A recent re-analysis of the Head Start Act of 1981, which significantly expanded the eligibility requirements of federally funded pre-Kindergarten, revealed a startling loophole that has nearly two in three Americans trading in their Outlook accounts and Crackberries for Green Eggs and Ham and naptime: It was recently revealed that the law does not specify a maximum age of enrollment (see sec. 645. [42 U.S.C. 9840] (b)). Recent publicity afforded this otherwise buried statute has resulted in an unexpected turn: Nearly 200 million U.S. adults have gone back to preschool.
Those who have enrolled cite numerous benefits: Justin Baker, a civil engineer in Denver, CO, related, “During play time, we’ve experimented with different types of building blocks. We’ve learned that structures made of Lego are more durable than those made of Lincoln Logs. Plus, there’s Play-Doh!” Ellen Shaw, a lawyer in San Diego, CA, enthused, “I’m learning skills I never was never taught in law school, like how to work out problems before suing someone over them.”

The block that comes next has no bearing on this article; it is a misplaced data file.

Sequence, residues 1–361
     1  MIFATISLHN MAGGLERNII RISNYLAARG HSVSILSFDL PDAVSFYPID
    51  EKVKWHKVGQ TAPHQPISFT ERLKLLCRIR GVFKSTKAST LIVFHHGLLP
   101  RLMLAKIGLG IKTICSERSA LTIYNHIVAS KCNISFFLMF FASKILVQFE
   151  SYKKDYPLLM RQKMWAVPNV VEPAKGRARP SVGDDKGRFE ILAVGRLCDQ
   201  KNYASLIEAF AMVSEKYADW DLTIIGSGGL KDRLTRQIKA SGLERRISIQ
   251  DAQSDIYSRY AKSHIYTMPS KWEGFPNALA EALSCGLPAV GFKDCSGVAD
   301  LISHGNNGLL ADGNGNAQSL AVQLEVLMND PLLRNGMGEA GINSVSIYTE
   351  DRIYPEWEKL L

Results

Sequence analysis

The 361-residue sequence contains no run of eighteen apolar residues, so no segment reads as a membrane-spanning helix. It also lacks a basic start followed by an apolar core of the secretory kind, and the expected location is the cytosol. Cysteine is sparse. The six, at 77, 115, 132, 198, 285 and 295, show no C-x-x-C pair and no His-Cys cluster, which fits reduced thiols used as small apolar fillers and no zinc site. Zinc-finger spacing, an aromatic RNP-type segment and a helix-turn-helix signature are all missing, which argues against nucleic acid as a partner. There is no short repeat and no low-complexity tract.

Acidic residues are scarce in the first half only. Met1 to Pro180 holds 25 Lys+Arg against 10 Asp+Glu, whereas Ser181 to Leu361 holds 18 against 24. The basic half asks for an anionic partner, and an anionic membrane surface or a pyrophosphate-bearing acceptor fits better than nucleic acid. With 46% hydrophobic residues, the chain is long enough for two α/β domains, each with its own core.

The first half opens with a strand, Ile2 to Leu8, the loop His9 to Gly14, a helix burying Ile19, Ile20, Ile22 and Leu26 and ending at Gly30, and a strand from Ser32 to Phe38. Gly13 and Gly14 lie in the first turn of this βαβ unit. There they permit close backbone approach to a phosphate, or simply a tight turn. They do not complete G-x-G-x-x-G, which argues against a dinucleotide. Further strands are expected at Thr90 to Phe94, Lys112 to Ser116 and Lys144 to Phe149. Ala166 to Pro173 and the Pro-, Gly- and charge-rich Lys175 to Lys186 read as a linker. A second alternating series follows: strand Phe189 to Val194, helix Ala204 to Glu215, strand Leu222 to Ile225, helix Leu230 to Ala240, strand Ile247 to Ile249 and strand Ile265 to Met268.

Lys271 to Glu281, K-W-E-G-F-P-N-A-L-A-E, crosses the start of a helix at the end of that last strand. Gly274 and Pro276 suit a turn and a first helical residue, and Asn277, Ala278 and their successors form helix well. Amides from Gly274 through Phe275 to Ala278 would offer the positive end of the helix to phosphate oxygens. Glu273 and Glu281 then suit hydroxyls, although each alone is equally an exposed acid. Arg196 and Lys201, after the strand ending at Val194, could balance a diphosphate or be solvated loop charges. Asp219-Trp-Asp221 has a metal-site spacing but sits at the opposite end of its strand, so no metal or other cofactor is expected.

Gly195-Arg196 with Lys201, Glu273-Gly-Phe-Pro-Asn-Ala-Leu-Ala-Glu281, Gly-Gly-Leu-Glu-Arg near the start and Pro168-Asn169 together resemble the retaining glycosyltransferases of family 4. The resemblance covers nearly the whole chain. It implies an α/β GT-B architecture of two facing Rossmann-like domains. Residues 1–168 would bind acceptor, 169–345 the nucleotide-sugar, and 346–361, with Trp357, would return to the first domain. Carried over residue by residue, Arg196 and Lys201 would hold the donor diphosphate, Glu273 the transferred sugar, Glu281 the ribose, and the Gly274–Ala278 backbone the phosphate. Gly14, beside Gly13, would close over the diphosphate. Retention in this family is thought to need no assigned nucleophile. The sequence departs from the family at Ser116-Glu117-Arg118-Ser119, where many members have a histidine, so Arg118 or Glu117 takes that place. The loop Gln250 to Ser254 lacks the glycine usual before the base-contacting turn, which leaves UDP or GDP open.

Although some parents of three- and four-year-olds expressed concern that the influx of larger students put their kids at a disadvantage in time-honored games like Duck, Duck, Goose, and though a handful of employers worried about the loss of productivity as employees take leave from their jobs to go back to school, the overall reaction has been overwhelmingly positive. According to Los Angeles Unified School District Superintendent John Greasy, “Three months of pre-K and our teachers now know that they can’t just throw a tantrum to get what they want? I’d say it’s worth it!”
RELATED ARTICLE: Hal E. Luya, “Accountants and actuaries amazed at the efficiency of counting on fingers,” Mall Feet Journal, March 24, 2013.